History will likely say that the comic book industry was sunk by the repressive measures adopted to control the spread of coronavirus. In reality it is the industry’s bizarre obsession with identity politics that ensured the death of this classic storytelling medium was an inevitability.
The partial economic shutdown in the United States and other Western economies is wreaking havoc on comic book shops. One major retailers’ prediction of an ‘extinction event’ was seemingly confirmed only a few days later when Diamond Comic Distributors, the industry’s sole bridge connecting publishers and shops, announced it was ceasing operations indefinitely. Several publishers have already put out a ‘pencils down’ notice to their staff and contractors to stop work altogether.
An economic shock should be costly but shouldn’t kill an entire industry. Other print mediums are still publishing and distributing during this crisis and will survive. The distinction lies in the comic industry engaging in the kind of self-harm that only a growing economy could (barely) tolerate. The costs of allowing the medium to be hijacked by propogandists to treat the humble comic book like political pamphlets rather than heroic adventure stories are now being felt.
Market leader Marvel Comics’ tone-deaf announcement of a woke new series in the midst of the coronavirus pandemic has made the entire industry a laughing stock. In the face of retailers desperate to know what Marvel’s crisis plans were, the publisher in March revealed New Warriors, a reboot of a series which first launched in 1990 but now featuring characters with names such as ‘Snowflake’ and ‘Safespace’. The former was touted as the company’s first non-binary character and the latter described as a ‘big, burly, sort of stereotypical jock’ with pink hair and a matching pink onesie. Words alone can’t describe the visual cringe of the promotional material. This is not the work of a satirist mocking social justice—this is an actual entertainment industry in 2020. Unsurprisingly, this has garnered some attention in the mainstream press. Broadcasting to normal people that they should stay away from the market leader — and by inference the shops that sell their books — couldn’t have come at a worse time.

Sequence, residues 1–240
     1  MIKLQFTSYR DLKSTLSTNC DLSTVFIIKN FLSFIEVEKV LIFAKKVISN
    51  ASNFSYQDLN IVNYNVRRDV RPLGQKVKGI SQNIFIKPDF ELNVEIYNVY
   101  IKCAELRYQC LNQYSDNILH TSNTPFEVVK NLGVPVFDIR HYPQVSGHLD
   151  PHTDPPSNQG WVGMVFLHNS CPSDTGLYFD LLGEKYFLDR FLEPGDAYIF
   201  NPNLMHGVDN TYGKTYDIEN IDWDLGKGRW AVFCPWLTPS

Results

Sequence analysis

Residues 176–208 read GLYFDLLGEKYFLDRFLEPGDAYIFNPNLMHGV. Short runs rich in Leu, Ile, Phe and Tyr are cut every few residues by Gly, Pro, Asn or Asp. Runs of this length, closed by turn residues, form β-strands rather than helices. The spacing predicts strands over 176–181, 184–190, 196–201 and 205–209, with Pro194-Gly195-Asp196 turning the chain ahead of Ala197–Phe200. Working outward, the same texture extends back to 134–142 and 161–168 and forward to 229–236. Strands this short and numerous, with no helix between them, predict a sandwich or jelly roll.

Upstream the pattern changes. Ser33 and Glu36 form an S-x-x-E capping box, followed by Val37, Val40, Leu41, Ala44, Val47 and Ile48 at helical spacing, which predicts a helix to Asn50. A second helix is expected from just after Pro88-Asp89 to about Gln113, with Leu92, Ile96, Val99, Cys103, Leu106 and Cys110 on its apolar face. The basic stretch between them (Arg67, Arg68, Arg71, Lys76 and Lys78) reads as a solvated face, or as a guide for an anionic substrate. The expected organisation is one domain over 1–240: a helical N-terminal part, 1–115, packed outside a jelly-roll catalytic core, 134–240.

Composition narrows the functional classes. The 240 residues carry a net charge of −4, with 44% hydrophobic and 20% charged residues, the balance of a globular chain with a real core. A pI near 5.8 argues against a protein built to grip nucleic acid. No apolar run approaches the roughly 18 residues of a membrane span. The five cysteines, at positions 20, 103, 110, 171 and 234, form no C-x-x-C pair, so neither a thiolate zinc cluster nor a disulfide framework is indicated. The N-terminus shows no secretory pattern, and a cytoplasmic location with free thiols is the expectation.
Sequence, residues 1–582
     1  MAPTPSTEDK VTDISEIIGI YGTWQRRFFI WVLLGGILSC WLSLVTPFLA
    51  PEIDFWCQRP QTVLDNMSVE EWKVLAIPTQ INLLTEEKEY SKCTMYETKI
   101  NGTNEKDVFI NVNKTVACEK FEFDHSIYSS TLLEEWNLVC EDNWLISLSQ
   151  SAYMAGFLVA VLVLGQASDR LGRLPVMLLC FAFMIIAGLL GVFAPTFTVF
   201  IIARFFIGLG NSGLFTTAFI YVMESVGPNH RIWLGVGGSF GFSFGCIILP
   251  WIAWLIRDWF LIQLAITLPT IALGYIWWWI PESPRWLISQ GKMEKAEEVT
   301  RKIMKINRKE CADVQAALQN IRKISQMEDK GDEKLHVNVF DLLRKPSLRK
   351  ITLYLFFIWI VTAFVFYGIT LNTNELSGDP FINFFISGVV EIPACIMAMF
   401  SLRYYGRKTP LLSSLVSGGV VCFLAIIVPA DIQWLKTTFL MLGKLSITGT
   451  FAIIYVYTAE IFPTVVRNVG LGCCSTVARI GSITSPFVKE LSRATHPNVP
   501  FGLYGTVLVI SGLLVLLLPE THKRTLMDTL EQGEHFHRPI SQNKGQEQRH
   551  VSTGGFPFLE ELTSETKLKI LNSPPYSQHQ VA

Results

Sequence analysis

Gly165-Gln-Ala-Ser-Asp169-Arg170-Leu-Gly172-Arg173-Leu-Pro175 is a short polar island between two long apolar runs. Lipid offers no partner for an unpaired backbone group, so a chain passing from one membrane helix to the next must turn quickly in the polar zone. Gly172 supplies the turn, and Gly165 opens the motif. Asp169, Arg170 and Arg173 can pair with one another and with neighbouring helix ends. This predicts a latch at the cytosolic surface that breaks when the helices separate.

Unfortunately this is not a new development. In two articles for The Speccie in 2018 and 2019, I described how ‘a destructive force in a creative industry’ have reengineered the medium to prioritise ‘representation’ and to be a platform of social justice activism. Classic characters were reinvented with new gender or cultural identities and the stories were increasingly steeped in the post-2016 anti-Trump derangement of the artists, writers and editors.
The efforts have been commercially unsuccessful. Years of declining sales and closed stores—at a time when superheroes have dominated the box office—have not been addressed. This makes sense if the underlying agenda is not to generate sales and the major publishers are just small subsidiaries of corporate conglomerates who will absorb the cost as the price of showcasing their diversity.